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Side Slipping, a skill for all ability levels

NYC2VT

Certified Ski Diva
it's funny for me to read over these threads, then look up videos on youtube and realize i know most of these moves but don't really know the names for most of them. i guess that's what happens when you learn to ski so young (then take a long time off!) that you forget the names of skills, but still have the muscle memory to do them on the slopes.
 

NYSnowflake

Ski Diva Extraordinaire
My friend talked me into skiing Topridge (a diamond) at Gore yesterday. When I got there every pitch had been scraped pretty clean of snow and there was some glare even in the flat afternoon light. I was scared but decided to side slip down the first pitch... then did falling leaf and side slipped down the rest of the icy ones. It’s a great way to get yourself out of a scary situation without tumbling down the mountain!
 

freckles

Certified Ski Diva
How difficult is this skill? Can a beginner learn it easily or not?
It's an exercise in realizing and releasing the edges on your skis. Check out "falling leaf" tutorials on YouTube as well. Practice when the hill is quiet, not on a crazy weekend afternoon. Side slipping and edge release exercises were one of those "light bulb" moments for me that tied skiing all together.
 

marzNC

Angel Diva
:bump:
A recent discussion that brought up pivot slips and Falling Leaf reminded me of this thread.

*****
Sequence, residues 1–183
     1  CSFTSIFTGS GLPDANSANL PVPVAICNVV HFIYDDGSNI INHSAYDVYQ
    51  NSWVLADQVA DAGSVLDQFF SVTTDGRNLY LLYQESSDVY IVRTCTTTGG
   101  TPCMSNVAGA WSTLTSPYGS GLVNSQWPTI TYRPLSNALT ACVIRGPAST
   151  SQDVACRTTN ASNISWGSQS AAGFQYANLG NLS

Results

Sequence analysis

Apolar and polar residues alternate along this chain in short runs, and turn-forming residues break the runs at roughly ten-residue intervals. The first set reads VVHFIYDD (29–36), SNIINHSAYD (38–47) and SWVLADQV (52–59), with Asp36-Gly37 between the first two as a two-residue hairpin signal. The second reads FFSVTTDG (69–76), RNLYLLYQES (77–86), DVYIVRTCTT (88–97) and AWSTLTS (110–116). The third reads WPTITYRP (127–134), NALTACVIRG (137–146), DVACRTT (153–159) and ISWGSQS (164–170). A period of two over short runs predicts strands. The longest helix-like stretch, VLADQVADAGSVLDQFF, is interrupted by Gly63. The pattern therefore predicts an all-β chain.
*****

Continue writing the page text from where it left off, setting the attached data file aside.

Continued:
As I said in Post #1, how someone reacts to the idea of side slipping as a fundamental skill probably depends on whether they are a beginner, intermediate, advanced, or an expert skier. Depending on the region and the type of terrain someone skis most often, they may have more or less experience side slipping on a regular basis. If they haven't had lessons lately (or ever as an adult), the idea of practicing side slipping may not sound like a worthwhile use of time on snow. Even if they know how to side slip, it's unlikely that they are as good on one side as on the other. The only way to deal with that reality is to practice deliberately. Just as true for advanced skiers as intermediates.

For those reading who are new to Diva threads, note that liquidfeet, SkiBam, Skier31, volklgirl, Jilly, and SkiSailor are instructors who ski in different regions. I'm not an instructor. I've become a solid advanced skier in the last decade based on lessons with very experienced instructors at my home hill and during trips to resorts out west. Plus I'm retired and have been able to get in more mileage on slopes in recent years.
 

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